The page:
48 Hours of Jackson Hole

The drive from Denver, Colorado to Jackson, Wyoming is long.  So long that, after the Rocky Mountains had faded from our rear view mirror and we had spent hours driving the flat wind-swept plains outside of Laramie, we begun to believe that we may never see another mountain again.  After five hours of driving west in a relentless east-bound wind, we turned north towards Jackson and were almost instantly welcomed as the wind gave way to falling snow.  The road started to climb and even in the dark we could tell that mountains were rising above us.  We pulled into Jackson after 2 a.m. and thankfully Motel 6 kept its word and left the lights on for us.  We set our alarms for four hours later and did our best to catch some sleep, but thoughts of a big powder day at one of the best mountains on earth made sleep hard to come by despite being exhausted from eight hours behind the wheel.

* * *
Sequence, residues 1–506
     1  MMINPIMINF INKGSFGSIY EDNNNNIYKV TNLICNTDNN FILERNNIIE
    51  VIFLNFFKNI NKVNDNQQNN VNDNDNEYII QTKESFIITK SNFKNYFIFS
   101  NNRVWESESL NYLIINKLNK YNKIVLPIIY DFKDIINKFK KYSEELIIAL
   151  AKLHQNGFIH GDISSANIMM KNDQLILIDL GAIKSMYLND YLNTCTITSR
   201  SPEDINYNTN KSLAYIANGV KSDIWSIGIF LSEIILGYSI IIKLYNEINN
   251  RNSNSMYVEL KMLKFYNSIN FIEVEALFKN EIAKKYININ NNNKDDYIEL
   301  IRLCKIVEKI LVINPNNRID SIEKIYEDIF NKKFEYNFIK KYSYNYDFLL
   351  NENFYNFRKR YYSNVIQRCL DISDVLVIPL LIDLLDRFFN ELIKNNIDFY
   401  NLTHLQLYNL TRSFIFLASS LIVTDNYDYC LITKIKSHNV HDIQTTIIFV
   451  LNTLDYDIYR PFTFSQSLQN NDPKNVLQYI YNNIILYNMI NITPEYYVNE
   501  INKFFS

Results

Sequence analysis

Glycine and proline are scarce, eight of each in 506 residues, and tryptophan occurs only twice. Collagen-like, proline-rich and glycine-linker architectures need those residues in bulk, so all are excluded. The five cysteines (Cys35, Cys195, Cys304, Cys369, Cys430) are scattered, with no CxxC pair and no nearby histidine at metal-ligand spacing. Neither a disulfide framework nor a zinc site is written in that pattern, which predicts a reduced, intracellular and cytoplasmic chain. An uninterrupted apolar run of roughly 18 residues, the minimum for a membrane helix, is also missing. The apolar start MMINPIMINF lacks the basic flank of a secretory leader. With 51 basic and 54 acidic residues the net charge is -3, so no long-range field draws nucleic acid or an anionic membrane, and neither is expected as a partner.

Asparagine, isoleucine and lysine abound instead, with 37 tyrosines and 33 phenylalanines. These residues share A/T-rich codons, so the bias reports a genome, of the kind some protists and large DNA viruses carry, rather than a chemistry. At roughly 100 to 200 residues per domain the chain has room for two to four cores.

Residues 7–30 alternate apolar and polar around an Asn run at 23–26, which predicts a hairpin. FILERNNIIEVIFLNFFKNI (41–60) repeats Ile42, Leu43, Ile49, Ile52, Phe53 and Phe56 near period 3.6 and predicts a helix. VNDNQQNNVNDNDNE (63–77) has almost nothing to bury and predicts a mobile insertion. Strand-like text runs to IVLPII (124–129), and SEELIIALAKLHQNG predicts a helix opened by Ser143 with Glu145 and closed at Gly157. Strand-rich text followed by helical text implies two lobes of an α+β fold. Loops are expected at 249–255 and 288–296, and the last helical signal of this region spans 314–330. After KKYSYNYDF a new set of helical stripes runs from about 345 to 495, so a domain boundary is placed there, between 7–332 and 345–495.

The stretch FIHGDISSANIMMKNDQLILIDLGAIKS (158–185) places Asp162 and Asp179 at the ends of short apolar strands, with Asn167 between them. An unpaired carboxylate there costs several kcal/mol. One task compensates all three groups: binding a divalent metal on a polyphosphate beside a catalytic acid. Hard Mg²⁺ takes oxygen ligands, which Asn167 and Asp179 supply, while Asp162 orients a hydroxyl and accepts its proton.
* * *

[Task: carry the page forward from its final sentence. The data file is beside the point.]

Coffee the next morning was an exercise in futility, but fortunately the reported 19 inches of new snow made getting out of bed and out the door an easy task.  The universe made us wait a bit longer, however, as ski patrol went about their avalanche control.  Our patience, and all our driving efforts, were rewarded when the tram started spinning and we shuffled on to be brought 4,000+ vertical feet up Rendezvous Mountain.  To say the skiing was spectacular would be an understatement and despite being sleep deprived and worn out from non-stop powder skiing, we were still wanting more when the lifts closed down for the day.       

Worth it.

That night, while we were getting a classic Jackson high/low experience with fancy eats at the Snake River Grill followed by people watching and a cornucopia of shots at the Million Dollar Cowboy Bar, nature hit the reset button.  Snow kept falling the next day and every run seemed to be getting better and better as we explored more of the mountain.  

Day 2 Delivered

Some (read: most) people might say that sixteen hours of driving for 48 hours of time at your destination is an insane proposition.  But armed with coffee and burritos and staring down the long drive home, every one of us knew that the effort was worth it.